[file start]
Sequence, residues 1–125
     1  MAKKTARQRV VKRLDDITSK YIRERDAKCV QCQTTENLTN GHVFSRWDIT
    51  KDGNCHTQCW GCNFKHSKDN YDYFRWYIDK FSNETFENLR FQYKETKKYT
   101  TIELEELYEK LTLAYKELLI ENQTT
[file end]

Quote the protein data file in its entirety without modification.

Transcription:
Sequence, residues 1–125
     1  MAKKTARQRV VKRLDDITSK YIRERDAKCV QCQTTENLTN GHVFSRWDIT
    51  KDGNCHTQCW GCNFKHSKDN YDYFRWYIDK FSNETFENLR FQYKETKKYT
   101  TIELEELYEK LTLAYKELLI ENQTT